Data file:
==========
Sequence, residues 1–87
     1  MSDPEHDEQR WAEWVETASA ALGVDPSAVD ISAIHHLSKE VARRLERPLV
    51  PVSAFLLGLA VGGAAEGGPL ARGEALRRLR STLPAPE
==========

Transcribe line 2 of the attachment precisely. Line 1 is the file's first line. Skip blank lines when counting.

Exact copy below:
     1  MSDPEHDEQR WAEWVETASA ALGVDPSAVD ISAIHHLSKE VARRLERPLV